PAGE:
For more than a decade, the impact of sea level rise and tidal flooding has been making waves on the real estate market of coastal New England, costing homeowners more than $400 million in lost value.
That’s according to a report from First Street Foundation, a Brooklyn-based nonprofit that studies the impact of sea level rise and flooding.
“It’s probably going to become even worse over time if adaptation and other approaches aren’t taken to further stop it,” said Jeremy Porter, a professor at Columbia University and a statistical consultant for First Street. “We would expect to see more [losses] on the lots that are already experiencing it, but then we’d also see if adjacent lots start to also experience tidal flooding.”
Porter said his team looked at existing models for determining home values and added a variable for lost appreciation relative to comparable homes. The methodology has been implemented in several other areas but now in coastal New England, homeowners — and maybe more importantly, prospective homeowners — can look at how properties are being affected by climate change.
The Flood IQ database allows users to look up properties and get an estimate of how much greater the value would be if not for the environmental changes.
One extreme case: a triple-decker on Marginal Street in East Boston, now valued at $374,000. First Street’s model estimated it would be worth nearly $800,000 were it not for flooding and sea level rise.
Similar information was already available to institutions — and used by banks and insurance companies — but now it’s available to everyone for free, said First Street Executive Director Matthew Eby.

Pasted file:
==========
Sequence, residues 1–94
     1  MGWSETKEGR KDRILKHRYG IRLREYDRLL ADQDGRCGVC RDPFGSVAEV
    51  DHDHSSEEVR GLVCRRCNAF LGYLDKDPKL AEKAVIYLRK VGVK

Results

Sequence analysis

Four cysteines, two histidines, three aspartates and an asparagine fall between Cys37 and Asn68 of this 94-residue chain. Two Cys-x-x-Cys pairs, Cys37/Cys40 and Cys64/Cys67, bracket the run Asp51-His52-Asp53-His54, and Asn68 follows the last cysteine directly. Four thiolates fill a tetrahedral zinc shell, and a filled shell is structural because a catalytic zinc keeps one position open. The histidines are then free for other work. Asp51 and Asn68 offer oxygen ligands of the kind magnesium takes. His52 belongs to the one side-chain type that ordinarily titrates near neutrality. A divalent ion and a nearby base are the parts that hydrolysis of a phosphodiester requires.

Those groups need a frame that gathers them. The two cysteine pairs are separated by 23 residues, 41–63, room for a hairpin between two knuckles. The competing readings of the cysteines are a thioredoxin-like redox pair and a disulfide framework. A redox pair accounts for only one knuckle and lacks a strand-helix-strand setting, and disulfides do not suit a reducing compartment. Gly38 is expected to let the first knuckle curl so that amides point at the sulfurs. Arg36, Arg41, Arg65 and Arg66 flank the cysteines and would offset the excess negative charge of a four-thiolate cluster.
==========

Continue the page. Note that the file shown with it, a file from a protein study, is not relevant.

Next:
Eby hopes the tool is also useful to policymakers. Municipalities “can look at [the impact on property values] as an economic input of: ‘What is the actual loss to the tax base? What solutions can we put in place to keep that from happening in the future?’ ”
The report looks at 2.5 million coastal properties in Massachusetts, Maine, New Hampshire and Rhode Island, concluding “sea level rise has eroded $403.1 million in relative home values between 2005 and 2017.” The majority of those losses are in Massachusetts.
Apart from the direct impact of flooding on specific properties, the study also concludes that flooding in neighboring areas also has an impact on home values — such as, if a street in a certain neighborhood is prone to flooding, that could hurt the values of all every home on the street, even if a particular home doesn’t experience flooding.
Jesse Keenan, a climate resiliency expert at Harvard’s Graduate School of Design, said connecting the value of homes with the well being of urban infrastructure is an important contribution to the field.
“Your property doesn’t necessarily have to be immediately inundated with floodwater to feel the impact from climate change — from flooding and sea level rise,” Keenan said. “Just because you’re on high ground, you may not necessarily be safe.”